Changing Attitudes the Way Forward Towards Disability Inclusion

Some touching images during a public parade of people with disabilities in Samoa

Dear Editor,

From the 25th to the 29th of this week, a significant event was taking place, at the Tooa Salamasina Hall at Sogi, the special training on the Convention on the rights of Persons with Disabilities.

This training was conducted by experienced resource people from the Pacific Islands Forum Secretariat, following a request from the Government focal point for Disability, the Ministry of women Community and Social Development for technical assistance.

While the language and approach to the training was nothing new to some participants who have been involved in the disability rights recognition movement for many years, it was truly an eye-opener for many.

The United Nations convention on the rights of Persons with Disabilities was developed in response to an overlooked development challenge, as according to the World Health Organisation report on disability, 15% of the world population has some sort of disability.

From that number, 80% do live in developing countries including Samoa.

The convention sets out the legal obligations of states to promote and protect the rights of persons with disabilities, as they continuously being denied their human rights and are being marginalized in society.

Without delving into the complexities of the models, suffice to say the convention marks a shift from previous models of disability; the medical model, where disability must be fixed, and the charity model, where people with disabilities are charity cases that need tender loving care.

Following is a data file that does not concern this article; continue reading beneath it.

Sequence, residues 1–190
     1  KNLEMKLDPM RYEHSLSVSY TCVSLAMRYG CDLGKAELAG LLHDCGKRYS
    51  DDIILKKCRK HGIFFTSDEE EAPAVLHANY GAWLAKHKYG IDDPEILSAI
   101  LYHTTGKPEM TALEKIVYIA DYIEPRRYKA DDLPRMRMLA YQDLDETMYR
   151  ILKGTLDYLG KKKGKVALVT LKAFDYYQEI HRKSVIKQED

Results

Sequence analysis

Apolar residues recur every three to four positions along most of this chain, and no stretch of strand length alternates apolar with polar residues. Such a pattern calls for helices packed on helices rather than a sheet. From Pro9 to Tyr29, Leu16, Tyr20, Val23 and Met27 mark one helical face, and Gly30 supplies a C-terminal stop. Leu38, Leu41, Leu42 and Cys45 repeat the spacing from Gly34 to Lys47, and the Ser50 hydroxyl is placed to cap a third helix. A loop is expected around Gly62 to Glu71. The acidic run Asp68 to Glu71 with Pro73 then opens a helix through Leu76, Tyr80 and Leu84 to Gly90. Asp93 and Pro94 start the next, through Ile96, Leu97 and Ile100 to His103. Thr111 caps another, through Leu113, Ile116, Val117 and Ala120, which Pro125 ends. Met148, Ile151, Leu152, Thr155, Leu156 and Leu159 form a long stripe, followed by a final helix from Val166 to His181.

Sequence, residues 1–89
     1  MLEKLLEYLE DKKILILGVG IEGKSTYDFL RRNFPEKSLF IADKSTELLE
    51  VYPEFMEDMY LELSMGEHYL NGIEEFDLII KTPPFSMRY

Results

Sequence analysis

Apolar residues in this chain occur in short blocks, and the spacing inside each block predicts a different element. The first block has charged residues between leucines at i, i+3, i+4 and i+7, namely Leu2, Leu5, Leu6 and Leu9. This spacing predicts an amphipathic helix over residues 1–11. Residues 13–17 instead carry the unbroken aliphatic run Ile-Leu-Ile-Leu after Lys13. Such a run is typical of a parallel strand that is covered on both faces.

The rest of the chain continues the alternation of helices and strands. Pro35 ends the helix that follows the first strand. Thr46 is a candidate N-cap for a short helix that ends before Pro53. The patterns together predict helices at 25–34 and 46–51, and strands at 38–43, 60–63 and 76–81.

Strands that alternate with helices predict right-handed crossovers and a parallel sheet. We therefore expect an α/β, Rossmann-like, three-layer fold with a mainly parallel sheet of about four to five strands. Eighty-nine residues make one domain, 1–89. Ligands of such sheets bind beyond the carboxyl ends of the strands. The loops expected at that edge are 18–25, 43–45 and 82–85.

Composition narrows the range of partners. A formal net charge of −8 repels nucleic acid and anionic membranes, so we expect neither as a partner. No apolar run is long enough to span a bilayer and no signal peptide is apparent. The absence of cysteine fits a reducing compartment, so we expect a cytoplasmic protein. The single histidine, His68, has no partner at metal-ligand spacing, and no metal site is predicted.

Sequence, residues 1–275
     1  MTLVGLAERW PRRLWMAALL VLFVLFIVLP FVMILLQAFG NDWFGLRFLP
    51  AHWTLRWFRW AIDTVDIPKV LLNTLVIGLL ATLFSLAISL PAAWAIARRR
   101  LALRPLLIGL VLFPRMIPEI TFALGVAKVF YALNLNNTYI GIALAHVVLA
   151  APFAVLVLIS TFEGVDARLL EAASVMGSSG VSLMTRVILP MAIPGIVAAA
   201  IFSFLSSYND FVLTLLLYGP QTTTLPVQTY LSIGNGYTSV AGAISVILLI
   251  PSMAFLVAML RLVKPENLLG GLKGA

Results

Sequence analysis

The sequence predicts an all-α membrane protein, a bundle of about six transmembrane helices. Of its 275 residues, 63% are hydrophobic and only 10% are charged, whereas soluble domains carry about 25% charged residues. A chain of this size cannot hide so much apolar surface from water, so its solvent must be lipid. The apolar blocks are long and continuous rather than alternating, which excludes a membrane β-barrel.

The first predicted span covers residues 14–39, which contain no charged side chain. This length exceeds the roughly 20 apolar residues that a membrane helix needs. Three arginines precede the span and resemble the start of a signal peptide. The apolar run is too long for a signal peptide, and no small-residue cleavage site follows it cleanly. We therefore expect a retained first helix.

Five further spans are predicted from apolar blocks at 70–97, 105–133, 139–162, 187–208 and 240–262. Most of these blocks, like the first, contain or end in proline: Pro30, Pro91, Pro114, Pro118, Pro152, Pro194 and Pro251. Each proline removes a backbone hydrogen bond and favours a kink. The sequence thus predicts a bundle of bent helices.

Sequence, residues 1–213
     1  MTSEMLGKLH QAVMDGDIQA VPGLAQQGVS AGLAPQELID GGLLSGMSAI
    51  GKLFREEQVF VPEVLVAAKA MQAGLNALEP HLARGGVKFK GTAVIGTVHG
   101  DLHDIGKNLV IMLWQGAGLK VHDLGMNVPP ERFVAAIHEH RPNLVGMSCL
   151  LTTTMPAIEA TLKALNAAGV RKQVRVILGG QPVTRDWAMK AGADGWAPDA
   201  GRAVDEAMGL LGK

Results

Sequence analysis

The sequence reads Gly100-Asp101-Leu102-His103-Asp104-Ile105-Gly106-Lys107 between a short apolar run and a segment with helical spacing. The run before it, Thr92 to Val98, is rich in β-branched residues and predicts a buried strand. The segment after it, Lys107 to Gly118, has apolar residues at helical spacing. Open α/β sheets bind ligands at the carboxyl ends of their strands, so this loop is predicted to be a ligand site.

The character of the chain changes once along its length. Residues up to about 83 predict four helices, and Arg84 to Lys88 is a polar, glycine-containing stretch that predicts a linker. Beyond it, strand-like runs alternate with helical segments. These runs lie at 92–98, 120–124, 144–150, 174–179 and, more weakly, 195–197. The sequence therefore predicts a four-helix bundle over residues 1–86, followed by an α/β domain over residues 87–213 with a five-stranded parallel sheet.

This human rights approach, considers a disabling environment as the cause of disability and that appropriate services, legislations and policies must be put in place in order for people with disabilities to promote, protect and ensure the full and equal enjoyment of all human rights and fundamental freedoms by all persons with disabilities.

Also to promote respect for their inherent dignity.

The training emphasized the need to change our mind sets and attitudes towards disability, as human rights issues.

That the convention, if it is ratified will allow persons with disabilities to enjoy their human rights and inherent dignities through the help of the Government in promoting and implementing the convention.

It also encourages the need for disabled people’s organisations, NGOS private sector and Government to work together and speak the same language and walk the same talk in promoting disability using a human rights approach.

Most importantly that people with disabilities has and will continue to play a central role in any policy, legislation or change in relation to disability.

People with disabilities are the only people that have experienced disability, and can speak on their behalf.

WE have a very strong disability community in Samoa with the work of Disabled People’s Organisation, Nuanua o le Alofa, and service providers, Senese Inclusive support Service, Loto Taumafai, PREB and Fiamalamalama.

Rest assure that we all are committed to the movement and we are hoping for Government support in recognizing our rights and contribution to society.

For as the Slogan goes, “nothing about us without us.”We acknowledge the Government focal point for Disability, Ministry of Women Community and Social development in coordinating and hosting the training.

WE also salute the disability community for your participation in voicing our issues.

Last but not the least, our experienced trainers, from the Pacific Disability Forum, who helped us to be more empowered than ever before.

God bless you all and remember, together we can move forward into the ratification of this very important convention that will improve many lives.



Faaolo Utumapu

Seneese Inclusive Support Service Promotion and awareness Officer & Nuanua o le alofa Secretary and disability advocate



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